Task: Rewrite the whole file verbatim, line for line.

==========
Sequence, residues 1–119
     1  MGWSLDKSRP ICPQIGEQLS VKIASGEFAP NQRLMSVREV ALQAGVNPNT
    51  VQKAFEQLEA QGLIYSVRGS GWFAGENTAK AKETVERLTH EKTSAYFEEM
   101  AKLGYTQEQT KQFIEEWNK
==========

Sequence, residues 1–119
     1  MGWSLDKSRP ICPQIGEQLS VKIASGEFAP NQRLMSVREV ALQAGVNPNT
    51  VQKAFEQLEA QGLIYSVRGS GWFAGENTAK AKETVERLTH EKTSAYFEEM
   101  AKLGYTQEQT KQFIEEWNK